Thus, the critical reviewer must ask whether the data, methods and analytic approach applied by JJP are sufficiently more rigorous, and thus provide more compelling evidence, than the long-term trend exposition of Hanushek. The simple answer to that is yes.

A secondary critique offered by Hanushek is that the funding increases evaluated by JJP occurred largely in the 1970s and early 1980s, when overall spending was much lower, thus making marginal gains potentially more important than now, when spending has reached and stabilized at inefficiently high levels across the board. Notably, however, JJP’s analyses span a longer period than merely the early 1970s and also span multiple contexts of higher and lower spending over the period. While subsequent replications of JJP’s findings and further exploration of their data will provide additional insights, the current studies provide compelling evidence that school finance reforms can be leveraged to equalize educational and long-term economic opportunity.

Hanushek’s critique of JJP doesn’t disprove their results.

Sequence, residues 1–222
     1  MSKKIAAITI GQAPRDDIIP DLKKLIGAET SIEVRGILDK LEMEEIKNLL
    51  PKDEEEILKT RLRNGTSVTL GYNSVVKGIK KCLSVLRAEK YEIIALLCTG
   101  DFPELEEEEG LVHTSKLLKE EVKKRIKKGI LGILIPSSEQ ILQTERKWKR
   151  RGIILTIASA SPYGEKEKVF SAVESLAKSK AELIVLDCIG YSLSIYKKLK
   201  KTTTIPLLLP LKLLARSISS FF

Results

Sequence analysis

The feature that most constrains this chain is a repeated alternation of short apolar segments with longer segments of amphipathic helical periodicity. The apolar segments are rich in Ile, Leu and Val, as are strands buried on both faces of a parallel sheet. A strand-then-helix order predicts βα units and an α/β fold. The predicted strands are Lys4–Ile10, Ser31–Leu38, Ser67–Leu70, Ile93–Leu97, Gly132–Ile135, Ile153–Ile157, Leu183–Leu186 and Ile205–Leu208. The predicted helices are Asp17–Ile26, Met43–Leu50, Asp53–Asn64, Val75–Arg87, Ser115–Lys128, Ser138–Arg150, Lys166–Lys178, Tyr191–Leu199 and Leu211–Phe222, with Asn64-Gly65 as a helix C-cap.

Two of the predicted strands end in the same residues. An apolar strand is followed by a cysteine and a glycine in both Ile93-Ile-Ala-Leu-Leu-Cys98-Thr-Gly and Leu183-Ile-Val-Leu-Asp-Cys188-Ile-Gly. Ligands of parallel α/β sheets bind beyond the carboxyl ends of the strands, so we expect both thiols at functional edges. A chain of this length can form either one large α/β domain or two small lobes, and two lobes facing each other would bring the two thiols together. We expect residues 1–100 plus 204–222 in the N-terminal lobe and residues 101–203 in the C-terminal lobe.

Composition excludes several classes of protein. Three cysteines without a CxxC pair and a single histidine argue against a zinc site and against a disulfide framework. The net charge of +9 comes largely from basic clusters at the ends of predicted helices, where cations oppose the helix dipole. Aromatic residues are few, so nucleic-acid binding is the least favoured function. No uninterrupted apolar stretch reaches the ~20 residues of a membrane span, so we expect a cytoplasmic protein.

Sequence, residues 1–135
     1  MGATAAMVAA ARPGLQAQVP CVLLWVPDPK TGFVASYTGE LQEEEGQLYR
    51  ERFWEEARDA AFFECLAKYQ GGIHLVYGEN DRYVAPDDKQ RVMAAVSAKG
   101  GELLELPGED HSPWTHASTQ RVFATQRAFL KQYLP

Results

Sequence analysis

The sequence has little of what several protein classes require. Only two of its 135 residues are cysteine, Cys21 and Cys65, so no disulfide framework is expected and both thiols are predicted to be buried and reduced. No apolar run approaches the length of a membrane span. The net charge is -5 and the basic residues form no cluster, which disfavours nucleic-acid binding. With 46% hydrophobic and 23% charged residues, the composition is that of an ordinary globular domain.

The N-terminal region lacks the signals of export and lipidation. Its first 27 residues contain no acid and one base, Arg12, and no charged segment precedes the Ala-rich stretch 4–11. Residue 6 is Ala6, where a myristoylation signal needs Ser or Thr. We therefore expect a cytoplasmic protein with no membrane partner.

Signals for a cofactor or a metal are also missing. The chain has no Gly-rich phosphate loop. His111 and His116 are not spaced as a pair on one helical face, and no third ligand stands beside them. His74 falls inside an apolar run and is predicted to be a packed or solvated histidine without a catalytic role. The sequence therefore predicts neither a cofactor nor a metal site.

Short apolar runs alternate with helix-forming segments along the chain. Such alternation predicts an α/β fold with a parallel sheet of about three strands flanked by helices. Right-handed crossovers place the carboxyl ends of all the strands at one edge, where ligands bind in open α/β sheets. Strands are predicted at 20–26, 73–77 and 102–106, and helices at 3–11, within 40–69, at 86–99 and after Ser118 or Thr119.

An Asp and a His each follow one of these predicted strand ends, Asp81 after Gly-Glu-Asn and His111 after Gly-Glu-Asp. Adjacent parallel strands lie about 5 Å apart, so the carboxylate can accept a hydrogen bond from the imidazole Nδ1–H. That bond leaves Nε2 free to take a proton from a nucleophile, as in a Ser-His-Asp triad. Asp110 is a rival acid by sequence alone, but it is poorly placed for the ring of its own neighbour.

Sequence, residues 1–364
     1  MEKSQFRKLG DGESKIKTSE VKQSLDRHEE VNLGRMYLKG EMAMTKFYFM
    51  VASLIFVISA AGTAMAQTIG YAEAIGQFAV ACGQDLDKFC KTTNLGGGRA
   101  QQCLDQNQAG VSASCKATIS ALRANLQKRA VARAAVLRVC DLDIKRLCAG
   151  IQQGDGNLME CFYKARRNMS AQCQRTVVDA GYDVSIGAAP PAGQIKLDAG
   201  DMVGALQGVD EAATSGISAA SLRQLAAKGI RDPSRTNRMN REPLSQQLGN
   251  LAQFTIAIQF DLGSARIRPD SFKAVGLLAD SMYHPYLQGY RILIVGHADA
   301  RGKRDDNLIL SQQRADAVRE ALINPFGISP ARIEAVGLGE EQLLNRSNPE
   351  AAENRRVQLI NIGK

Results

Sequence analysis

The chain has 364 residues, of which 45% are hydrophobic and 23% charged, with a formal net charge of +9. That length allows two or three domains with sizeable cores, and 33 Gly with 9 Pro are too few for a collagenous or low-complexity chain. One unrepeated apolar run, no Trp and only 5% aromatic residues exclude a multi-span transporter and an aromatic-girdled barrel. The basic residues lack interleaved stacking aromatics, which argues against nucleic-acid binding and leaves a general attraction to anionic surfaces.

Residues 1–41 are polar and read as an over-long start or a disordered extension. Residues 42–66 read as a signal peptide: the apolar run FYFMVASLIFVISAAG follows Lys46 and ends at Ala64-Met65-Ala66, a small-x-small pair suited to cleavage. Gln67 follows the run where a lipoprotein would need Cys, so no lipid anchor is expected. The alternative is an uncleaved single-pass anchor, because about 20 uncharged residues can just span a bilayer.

JJP 15 — C. Kirabo Jackson, Associate Professor of Human Development and Social Policy at Northwestern University, Faculty Fellow at the Institute for Policy Research, Faculty Research Fellow at the National Bureau of Economic Research, holds a Ph.D. in Economics from Harvard University, et al., with Rucker C. Johnson, Associate Professor at the Goldman School of Public Policy at the University of California-Berkeley, Faculty Research Fellow at the National Bureau of Economic Research, Faculty Research Fellow at the W.E.B. Du Bois Institute at Harvard University, Research Affiliate at the National Poverty Center at the University of Michigan, Research Affiliate at the Institute for Poverty Research at the University of Wisconsin, holds a Ph.D. in Economics from the University of Michigan, and Claudia Persico, Assistant Professor of the Economics of Education in the Department of Educational Leadership and Policy Analysis and Faculty Affiliate of the La Follette School of Public Affairs at the University of Wisconsin-Madison, Research Affiliate at Northwestern University, holds a Ph.D. in Human Development and Social Policy from the School of Education and Social Policy at Northwestern University, 2015 (“Money Does Matter After All,” Education Next, July 17th, Available Online at http://educationnext.org/money-matter/, Accessed 07-04-2017)